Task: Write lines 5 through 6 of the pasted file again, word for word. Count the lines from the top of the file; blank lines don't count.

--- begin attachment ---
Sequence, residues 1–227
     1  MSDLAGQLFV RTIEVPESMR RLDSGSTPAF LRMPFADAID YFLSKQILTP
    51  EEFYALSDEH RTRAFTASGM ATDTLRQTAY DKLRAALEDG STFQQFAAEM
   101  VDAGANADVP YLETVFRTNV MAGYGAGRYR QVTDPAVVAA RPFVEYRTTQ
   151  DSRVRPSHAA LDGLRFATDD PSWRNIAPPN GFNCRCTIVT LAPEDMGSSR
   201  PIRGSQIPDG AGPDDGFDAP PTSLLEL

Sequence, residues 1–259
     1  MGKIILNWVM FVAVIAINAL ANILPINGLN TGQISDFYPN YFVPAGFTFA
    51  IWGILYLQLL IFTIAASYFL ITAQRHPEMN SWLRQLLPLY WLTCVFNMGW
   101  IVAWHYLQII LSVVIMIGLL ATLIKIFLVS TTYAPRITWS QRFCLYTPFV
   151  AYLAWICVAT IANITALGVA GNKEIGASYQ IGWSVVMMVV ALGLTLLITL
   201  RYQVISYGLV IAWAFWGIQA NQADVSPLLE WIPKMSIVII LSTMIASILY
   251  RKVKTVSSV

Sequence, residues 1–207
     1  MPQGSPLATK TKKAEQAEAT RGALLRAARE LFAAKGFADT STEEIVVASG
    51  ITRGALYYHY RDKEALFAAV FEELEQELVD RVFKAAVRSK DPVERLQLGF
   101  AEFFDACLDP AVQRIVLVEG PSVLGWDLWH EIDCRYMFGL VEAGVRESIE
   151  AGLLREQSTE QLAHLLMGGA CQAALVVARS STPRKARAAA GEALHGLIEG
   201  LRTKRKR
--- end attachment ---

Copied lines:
   151  DSRVRPSHAA LDGLRFATDD PSWRNIAPPN GFNCRCTIVT LAPEDMGSSR
   201  PIRGSQIPDG AGPDDGFDAP PTSLLEL